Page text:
Throughout this summer, Normandy has been celebrating the 75th anniversary of D-Day and the Battle of Normandy which began on 6 June 1944. We happened to be in the Department at the end of July. Many of the main festivities were over but even just walking or driving anywhere near the landing beaches one could not help but stop and remember. Pausing and reflecting on so much history and so much destruction really brought home just how lucky we are and how grateful we should be to so many whose lives were lost or altered forever during those dreadful days 75 years ago. I cannot deny it was moving beyond belief just to be in this part of Normandy this Summer.
These pretty streets withstood the bombings, the tread of army boots and the occasional tank shell. I am sure if the walls could talk they would have many tales to tell. But here they are still standing, in all their glory or decay, they are beautiful. But the story could have been so very different.
I was not expecting such incredible displays of gratitude all around. In many of the towns, especially those most affected by the fighting, nearly every lamppost held a specially made flag honouring specific WWII Heroes. In some places they were British, in others American or Canadian, and in others French. I read every one I came across, if I was driving I slowed to a crawl to take in the name, the photo, the country and I silently thanked each one by name for everything they gave for our freedom. One couldn’t do anything but read and look; every name, every face, and these are just but the tiniest fraction of those involved.
In this car park it was the Canadians who were honoured.
In Lion-sur Mer, a small seaside town, we walked through the streets for hours. Past majestic houses still standing tall and others wearing their pride for all to see.
The impressive Mairie had flags all around.
But perhaps the most moving feeling of all was standing on Sword Beach and looking out across the Channel towards England. British forces were predominant here and at Gold during the landings, while Canadians led at Juno and further west at Omaha and Utah, it was the American forces who led the way forward.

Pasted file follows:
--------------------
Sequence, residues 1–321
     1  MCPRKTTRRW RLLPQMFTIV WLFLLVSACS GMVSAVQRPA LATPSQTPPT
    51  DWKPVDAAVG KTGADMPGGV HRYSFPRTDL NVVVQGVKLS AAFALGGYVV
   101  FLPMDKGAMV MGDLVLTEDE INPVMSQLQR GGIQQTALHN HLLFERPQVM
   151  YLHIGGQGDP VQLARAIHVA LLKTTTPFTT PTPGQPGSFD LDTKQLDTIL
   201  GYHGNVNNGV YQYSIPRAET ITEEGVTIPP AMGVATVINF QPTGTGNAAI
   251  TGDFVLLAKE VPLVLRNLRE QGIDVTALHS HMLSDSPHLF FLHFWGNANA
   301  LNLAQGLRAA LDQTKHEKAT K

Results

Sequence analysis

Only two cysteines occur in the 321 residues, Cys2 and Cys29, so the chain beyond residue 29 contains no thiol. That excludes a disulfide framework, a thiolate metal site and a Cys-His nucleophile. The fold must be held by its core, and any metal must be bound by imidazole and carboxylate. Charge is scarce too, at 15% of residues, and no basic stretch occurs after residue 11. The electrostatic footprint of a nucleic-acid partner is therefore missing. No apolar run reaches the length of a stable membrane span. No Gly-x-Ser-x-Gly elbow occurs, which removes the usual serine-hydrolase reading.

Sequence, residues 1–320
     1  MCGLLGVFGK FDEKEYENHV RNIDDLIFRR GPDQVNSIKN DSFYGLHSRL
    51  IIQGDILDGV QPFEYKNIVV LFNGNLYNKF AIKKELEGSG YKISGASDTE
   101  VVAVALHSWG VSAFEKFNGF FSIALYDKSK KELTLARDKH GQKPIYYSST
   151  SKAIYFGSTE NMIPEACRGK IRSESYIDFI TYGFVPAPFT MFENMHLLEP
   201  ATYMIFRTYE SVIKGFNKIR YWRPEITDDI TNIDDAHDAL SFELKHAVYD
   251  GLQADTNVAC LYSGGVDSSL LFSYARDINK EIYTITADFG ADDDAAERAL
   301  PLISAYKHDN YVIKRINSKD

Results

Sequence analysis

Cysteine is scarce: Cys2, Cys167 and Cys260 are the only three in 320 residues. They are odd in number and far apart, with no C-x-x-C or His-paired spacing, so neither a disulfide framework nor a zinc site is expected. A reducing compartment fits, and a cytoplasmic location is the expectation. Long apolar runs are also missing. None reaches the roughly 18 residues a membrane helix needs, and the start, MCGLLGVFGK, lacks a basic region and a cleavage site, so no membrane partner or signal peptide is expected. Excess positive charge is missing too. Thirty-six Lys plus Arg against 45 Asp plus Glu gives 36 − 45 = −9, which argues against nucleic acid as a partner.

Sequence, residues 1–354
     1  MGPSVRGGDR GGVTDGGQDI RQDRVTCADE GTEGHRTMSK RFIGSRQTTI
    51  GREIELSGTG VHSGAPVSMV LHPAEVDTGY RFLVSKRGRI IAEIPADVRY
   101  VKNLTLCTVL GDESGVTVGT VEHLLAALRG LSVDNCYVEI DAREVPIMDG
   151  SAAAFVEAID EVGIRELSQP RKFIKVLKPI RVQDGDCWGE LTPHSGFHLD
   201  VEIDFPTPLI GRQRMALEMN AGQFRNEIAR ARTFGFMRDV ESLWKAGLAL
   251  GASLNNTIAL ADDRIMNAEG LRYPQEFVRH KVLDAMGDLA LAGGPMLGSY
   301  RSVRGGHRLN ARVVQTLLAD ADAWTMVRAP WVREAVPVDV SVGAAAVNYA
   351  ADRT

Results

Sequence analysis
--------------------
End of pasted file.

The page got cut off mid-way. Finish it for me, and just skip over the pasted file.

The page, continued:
After many minutes of silence just staring and thinking, we eventually turned and walked back away from the sea and towards the town. Once again I found myself marvelling at the architecture that still stands strong today, and I also could not help but think that this has to be one of the prettiest façades for a public loo. Don’t know what it was like inside, but the outside is quite impressive!
We walked back past pretty houses, old stone walls, some well kept and others having fallen into need of some TLC.
Next we headed towards Caen where the battle for the city after the D-Day landings continued until the August of 1944. As a result there was a vast amount of damage to the city.
We were sitting in the town centre, enjoying a morning coffee, when we found ourselves looking across at this wonderful old property and its ancient timbers. After finishing our drinks we left the little café and strolled across the street to take a closer look.
There was a large poster on display, showing the structure ‘before and after’ in 1944, a remarkable contrast to the real building standing just alongside. One could see that all the buildings next to it were destroyed, and how they had been replaced by non-descriptive mid-century structures.
Amazingly, the church survived.
And once again there were the flags, everywhere, criss-crossing the streets.
The city itself is captivating, lively, buzzing, historic and yet also modern. I felt it was rather cosmopolitan. We rented bikes, those ones you see on the side of the road that you pop in your credit card and pay all of €1 for an hour of use (and a whopping €400 deposit, sadly necessary I am sure), and away we went. Boy, did we have fun, whirling through the narrow pedestrianised cobbled streets. Bikes are allowed, cars certainly are not and therefore people amble in the middle of the road! It was cocktail hour and everyone was enjoying balmy weather in the mid 30’s, and to be frank it was quite an effort to not take out any victims by mistake!
Having returned the bikes we walked to a nearby restaurant for dinner, outside under the stars. A couple passed by in a WWII army jeep, it had no roof and was just as it would have been. They did a tour of the square and everyone voluntarily cheered. Then they stopped, parked on the pavement and came in for an after-dinner drink. We chatted with them and found out they had bought the vehicle and restored it without changing anything except those necessities needed to make it legal on todays roads. The couple were French and proud of their city; they were also extremely grateful for all the allied forces had done for them.
After dinner we strolled back through the square and again the centre was festooned with flowers and boards with posters depicting so many details from those distant dark days.
It was in every way a trip to remember, and one that provoked much thought. We cannot change history and perhaps we will never learn, but I was so so pleased to see that everywhere so much effort had gone into remembering and honouring.